Written by Don Byrd

In 2005, General Roger Brady led an inquiry into allegations of religious discrimination and proselytizing by officials in the U.S. Air Force Academy. As he describes it, this assignment was criticized by some because of a perception that he was an overly religious Christian, and by others because he was not Christian enough. Now retired, Brady gave an interesting interview, published in Christianity Today in which he discussed the relationship and tension (or lack thereof) between his Christian faith and his military responsibilities, as well as recounting his experiences leading that investigation.

Here is an excerpt:

Why were you tapped to lead the Air Force Academy inquiry into religious discrimination, and what was that like for you personally as a Christian military officer?

I was happy to do it, but there were some moments that were not fun at all. I had some very good but difficult conversations with people during the Air Force Academy investigation. Some of the best conversations I had were with the people who were the most concerned about religion. I had discussions with the head of the Anti-Defamation League. He was very concerned about it but a real gentleman. It was a very good and very respectful discussion.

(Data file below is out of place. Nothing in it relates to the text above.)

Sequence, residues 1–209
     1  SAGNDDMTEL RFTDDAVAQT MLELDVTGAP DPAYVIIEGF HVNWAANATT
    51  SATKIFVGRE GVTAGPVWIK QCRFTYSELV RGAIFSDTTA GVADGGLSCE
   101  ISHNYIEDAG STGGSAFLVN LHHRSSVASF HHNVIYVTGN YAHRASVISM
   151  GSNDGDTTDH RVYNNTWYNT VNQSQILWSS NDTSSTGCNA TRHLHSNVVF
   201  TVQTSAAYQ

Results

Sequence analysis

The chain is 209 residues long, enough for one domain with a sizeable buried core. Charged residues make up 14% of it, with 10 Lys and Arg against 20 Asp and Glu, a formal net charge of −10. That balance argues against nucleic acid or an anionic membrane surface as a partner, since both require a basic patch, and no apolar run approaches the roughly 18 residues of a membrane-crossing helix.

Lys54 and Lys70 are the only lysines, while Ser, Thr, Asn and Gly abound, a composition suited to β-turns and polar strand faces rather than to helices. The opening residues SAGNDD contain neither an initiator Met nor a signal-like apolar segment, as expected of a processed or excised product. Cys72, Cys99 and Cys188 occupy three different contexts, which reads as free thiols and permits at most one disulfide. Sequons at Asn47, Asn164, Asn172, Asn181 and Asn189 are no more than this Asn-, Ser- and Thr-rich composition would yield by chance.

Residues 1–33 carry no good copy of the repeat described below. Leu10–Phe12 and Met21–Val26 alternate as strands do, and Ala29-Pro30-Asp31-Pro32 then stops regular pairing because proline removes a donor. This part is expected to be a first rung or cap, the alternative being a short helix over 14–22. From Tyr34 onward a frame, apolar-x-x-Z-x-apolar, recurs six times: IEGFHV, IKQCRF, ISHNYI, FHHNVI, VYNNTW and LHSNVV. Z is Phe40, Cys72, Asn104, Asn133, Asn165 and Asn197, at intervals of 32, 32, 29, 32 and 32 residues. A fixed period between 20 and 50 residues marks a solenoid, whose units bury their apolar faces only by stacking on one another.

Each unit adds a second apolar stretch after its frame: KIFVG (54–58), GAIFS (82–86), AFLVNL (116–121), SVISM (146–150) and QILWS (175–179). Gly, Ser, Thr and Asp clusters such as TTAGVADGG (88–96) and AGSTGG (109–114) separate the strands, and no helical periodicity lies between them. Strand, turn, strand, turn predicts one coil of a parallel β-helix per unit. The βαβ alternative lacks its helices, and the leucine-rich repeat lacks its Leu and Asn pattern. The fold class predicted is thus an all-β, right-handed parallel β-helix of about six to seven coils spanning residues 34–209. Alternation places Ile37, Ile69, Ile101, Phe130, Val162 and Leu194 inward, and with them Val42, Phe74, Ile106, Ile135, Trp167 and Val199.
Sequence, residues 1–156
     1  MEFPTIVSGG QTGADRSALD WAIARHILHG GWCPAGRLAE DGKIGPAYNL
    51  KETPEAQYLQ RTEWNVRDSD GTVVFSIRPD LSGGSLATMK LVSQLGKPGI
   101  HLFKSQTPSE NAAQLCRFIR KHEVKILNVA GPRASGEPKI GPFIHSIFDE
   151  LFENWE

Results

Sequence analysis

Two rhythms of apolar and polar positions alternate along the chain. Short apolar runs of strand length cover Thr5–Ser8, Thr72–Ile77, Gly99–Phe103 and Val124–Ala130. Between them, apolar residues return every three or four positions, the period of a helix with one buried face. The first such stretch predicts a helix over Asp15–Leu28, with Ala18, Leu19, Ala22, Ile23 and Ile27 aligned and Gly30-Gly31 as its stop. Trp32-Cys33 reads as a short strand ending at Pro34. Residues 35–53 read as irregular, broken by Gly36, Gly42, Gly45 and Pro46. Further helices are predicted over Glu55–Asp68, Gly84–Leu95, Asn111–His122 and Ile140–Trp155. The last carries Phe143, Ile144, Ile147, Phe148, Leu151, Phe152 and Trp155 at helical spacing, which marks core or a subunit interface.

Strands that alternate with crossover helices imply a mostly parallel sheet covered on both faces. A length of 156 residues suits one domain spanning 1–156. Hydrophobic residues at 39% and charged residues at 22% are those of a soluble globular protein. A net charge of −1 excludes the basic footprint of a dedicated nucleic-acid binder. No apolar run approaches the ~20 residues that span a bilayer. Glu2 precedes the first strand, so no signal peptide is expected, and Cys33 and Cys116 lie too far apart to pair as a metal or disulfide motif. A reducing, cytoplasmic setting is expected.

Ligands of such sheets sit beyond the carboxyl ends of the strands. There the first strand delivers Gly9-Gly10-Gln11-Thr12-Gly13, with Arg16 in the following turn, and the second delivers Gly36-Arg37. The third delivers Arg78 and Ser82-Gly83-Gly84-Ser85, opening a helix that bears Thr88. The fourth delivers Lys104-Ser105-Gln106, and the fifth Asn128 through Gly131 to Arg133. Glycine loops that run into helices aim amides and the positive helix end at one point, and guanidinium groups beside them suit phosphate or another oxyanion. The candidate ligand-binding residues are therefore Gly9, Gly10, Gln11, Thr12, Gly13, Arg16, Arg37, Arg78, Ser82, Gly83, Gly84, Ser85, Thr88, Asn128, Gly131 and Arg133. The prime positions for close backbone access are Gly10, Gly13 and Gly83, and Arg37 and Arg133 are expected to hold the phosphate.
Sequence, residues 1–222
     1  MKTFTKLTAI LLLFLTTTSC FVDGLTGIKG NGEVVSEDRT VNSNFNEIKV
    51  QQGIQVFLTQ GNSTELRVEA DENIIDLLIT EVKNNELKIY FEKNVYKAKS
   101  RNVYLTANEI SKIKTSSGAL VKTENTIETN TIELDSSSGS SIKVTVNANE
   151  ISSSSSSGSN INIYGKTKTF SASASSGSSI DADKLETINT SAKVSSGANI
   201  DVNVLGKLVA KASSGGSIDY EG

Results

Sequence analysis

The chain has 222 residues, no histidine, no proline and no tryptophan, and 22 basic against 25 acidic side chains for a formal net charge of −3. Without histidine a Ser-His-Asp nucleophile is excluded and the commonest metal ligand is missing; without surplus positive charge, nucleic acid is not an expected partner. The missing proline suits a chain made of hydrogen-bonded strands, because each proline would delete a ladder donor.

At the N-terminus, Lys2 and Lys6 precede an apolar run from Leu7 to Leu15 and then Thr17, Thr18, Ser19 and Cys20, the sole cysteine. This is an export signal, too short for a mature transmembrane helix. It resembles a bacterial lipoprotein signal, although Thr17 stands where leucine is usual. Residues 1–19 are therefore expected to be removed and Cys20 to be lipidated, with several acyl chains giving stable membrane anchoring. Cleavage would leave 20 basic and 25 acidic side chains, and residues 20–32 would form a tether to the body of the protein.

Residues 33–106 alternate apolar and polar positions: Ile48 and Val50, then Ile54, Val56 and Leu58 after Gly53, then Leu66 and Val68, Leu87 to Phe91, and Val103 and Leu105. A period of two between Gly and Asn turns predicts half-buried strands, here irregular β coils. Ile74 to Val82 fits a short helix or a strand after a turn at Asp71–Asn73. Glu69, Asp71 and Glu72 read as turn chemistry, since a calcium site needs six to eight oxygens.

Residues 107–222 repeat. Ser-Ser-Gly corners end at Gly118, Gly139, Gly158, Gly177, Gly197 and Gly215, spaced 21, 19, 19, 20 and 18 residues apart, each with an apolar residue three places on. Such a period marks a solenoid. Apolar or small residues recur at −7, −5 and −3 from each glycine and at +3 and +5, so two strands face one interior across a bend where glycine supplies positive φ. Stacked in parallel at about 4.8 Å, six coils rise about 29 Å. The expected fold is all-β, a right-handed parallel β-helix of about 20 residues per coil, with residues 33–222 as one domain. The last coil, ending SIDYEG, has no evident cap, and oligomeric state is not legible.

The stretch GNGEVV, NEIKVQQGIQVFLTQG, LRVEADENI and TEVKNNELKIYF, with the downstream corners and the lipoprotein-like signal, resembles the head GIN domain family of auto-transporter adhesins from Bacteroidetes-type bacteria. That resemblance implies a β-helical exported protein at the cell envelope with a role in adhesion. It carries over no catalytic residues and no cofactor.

It was very enlightening to me to have that discussion with Congress. While I shared the faith of many in Congress who were Christians, I probably had the most respectful conversations with those who disagreed with me the most, including several members of the Jewish faith. They were very understanding of the needle I was trying to thread. The goal there was to keep the train on the track and between the ditches—preserve religious freedom while not running afoul of the “establishment clause.”

You have cited the need for respect as an aspect of religious discussions in the Air Force. What else is important there?

We do need to be respectful of each other. That includes being sure that people in positions of authority do not take advantage of their positions to impose their beliefs on people in a subordinate position. That’s where the Constitution and the First Amendment became part of the discussion—especially the [religious] “establishment” clause. There was concern that there would be people in positions of authority who could impose their belief. That is clearly inappropriate.

[But] it raises a question: Can a person in a higher position ever witness to a person in a lower position? That becomes more challenging. But I think it is absolutely appropriate for military leaders—and I have done this—to encourage people to talk to a chaplain or a minister if it’s his belief a chaplain can be helpful to them.

It’s a thoughtful and thought-provoking interview, with both some troubling and some heartening perspectives and insights.